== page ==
Artists, gearheads, subheros, gifted madmen.
hoodoothatvoodoo:

Edwin Bower Hesser
c 1920s-1030s

hoodoothatvoodoo:

Edwin Bower Hesser

c 1920s-1030s

takaclip:

バイモ   Fritillaria (by myu-myu)

takaclip:

バイモ   Fritillaria (by myu-myu)

arquitetura-pessoal:

Tiny house by pedalpower on Flickr.
houndeye:

Joseph Tam - Australia
Hard Landing

houndeye:

Joseph Tam - Australia

Hard Landing

colin-vian:

  Manolo Valdés (b. 1942) Perfil, 1997

colin-vian:

  Manolo Valdés (b. 1942) Perfil, 1997

akapearlofagirl:

Why the long face, Shorty?

akapearlofagirl:

Why the long face, Shorty?

megacosms:

Credit: Hubble Legacy Archive, NASA, ESA - Processing: Judy Schmidt
Explanation: Are stars better appreciated for their art after they die? Actually, stars usually create their most artistic displays as they die. In the case of low-mass stars like our Sun and M2-9 pictured above, the stars transform themselves from normal stars to white dwarfs by casting off their outer gaseous envelopes. The expended gas frequently forms an impressive display called a planetary nebula that fades gradually over thousand of years. M2-9, a butterfly planetary nebula 2100 light-years away shown in representative colors, has wings that tell a strange but incomplete tale. In the center, two stars orbit inside a gaseous disk 10 times the orbit of Pluto. The expelled envelope of the dying star breaks out from the disk creating the bipolar appearance. Much remains unknown about the physical processes that causeplanetary nebulae.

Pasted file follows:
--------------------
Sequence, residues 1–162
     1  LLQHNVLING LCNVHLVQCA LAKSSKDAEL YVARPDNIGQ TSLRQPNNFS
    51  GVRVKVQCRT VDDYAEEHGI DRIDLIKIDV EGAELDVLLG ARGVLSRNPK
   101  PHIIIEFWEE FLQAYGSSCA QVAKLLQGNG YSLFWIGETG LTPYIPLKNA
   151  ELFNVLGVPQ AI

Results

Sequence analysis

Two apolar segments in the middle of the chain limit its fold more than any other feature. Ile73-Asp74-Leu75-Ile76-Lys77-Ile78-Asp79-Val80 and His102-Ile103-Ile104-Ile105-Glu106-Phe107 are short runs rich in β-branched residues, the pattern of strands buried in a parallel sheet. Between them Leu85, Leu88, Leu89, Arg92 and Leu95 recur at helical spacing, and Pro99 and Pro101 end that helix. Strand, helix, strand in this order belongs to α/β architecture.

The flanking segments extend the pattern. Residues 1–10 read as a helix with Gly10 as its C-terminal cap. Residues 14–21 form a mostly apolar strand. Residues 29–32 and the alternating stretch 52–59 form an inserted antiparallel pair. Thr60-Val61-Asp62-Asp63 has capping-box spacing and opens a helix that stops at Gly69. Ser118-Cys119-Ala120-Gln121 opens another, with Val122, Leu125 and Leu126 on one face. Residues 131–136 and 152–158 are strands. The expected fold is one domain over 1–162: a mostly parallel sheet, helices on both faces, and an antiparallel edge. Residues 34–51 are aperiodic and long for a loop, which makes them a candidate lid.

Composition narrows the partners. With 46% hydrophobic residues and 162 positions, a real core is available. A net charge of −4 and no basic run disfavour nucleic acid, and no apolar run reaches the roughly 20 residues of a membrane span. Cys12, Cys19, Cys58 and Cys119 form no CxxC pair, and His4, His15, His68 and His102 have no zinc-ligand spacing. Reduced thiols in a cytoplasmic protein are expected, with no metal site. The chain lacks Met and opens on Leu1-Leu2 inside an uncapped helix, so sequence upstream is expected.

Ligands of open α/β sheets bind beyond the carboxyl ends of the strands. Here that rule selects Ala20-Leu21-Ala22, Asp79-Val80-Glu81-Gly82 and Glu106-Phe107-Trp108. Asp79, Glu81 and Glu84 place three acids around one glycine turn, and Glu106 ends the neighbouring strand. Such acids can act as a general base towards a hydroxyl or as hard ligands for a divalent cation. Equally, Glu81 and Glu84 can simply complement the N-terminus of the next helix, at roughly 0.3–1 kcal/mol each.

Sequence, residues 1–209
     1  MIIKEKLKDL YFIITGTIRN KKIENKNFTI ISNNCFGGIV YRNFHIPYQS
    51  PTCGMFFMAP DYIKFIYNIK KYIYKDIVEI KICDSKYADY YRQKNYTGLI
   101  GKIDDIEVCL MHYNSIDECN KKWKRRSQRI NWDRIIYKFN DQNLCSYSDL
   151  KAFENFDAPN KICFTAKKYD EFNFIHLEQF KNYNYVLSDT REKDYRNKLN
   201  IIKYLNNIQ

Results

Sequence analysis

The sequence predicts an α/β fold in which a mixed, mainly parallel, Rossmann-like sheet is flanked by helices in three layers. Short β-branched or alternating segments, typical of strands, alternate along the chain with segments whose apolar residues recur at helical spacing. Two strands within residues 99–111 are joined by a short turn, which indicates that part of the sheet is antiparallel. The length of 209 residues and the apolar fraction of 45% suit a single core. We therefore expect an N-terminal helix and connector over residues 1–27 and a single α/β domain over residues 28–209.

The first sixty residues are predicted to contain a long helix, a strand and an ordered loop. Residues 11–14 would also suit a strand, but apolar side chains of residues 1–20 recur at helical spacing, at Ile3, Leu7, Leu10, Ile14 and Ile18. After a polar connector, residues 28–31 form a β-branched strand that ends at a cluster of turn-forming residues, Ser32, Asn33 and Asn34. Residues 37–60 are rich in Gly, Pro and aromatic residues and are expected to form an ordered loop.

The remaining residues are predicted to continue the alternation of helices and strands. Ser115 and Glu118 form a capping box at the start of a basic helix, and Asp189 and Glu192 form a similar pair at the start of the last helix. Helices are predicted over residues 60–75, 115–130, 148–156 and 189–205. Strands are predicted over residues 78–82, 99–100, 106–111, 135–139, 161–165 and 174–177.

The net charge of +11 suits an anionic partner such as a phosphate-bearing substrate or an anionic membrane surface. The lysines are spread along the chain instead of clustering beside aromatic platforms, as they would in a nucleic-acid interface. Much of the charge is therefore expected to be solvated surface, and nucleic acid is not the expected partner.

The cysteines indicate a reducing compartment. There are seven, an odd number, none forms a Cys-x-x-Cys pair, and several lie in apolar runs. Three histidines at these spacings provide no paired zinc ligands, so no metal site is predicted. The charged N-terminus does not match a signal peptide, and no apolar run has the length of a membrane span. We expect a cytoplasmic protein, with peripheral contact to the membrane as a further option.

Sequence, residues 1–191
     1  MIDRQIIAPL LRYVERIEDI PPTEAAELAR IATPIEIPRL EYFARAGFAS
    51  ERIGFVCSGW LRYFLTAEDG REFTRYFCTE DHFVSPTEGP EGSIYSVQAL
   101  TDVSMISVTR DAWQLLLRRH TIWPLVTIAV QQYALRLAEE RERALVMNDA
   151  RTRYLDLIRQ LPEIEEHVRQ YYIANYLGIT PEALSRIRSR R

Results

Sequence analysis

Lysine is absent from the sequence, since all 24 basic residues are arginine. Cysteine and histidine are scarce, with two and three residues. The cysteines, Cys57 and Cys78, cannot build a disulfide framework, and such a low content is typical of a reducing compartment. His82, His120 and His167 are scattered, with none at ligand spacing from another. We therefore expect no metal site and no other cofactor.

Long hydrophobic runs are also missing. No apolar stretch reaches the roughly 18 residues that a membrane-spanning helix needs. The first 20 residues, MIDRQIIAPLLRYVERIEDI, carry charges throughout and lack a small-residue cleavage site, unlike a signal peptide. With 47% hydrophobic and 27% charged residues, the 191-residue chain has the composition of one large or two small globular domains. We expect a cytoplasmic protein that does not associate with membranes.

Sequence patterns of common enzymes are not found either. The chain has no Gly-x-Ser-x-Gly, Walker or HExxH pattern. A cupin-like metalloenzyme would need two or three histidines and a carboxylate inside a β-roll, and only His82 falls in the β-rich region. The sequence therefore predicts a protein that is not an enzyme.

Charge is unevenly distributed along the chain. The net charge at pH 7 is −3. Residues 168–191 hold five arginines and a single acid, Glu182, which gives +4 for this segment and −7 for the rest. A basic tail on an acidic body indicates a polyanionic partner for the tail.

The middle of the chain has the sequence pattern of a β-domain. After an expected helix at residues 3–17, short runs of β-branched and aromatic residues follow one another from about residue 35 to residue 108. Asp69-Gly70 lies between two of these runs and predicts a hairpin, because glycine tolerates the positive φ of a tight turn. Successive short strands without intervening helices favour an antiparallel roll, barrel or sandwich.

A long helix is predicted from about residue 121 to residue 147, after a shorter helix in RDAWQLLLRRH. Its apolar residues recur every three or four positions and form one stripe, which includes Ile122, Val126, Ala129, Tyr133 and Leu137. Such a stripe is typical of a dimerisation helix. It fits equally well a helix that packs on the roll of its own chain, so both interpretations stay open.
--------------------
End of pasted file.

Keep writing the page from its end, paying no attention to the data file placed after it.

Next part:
megacosms:

Credit: Hubble Legacy ArchiveNASAESA - Processing: Judy Schmidt

Explanation: Are stars better appreciated for their art after they die? Actually, stars usually create their most artistic displays as they die. In the case of low-mass stars like our Sun and M2-9 pictured above, the stars transform themselves from normal stars to white dwarfs by casting off their outer gaseous envelopes. The expended gas frequently forms an impressive display called a planetary nebula that fades gradually over thousand of years. M2-9, a butterfly planetary nebula 2100 light-years away shown in representative colors, has wings that tell a strange but incomplete tale. In the center, two stars orbit inside a gaseous disk 10 times the orbit of Pluto. The expelled envelope of the dying star breaks out from the disk creating the bipolar appearance. Much remains unknown about the physical processes that causeplanetary nebulae.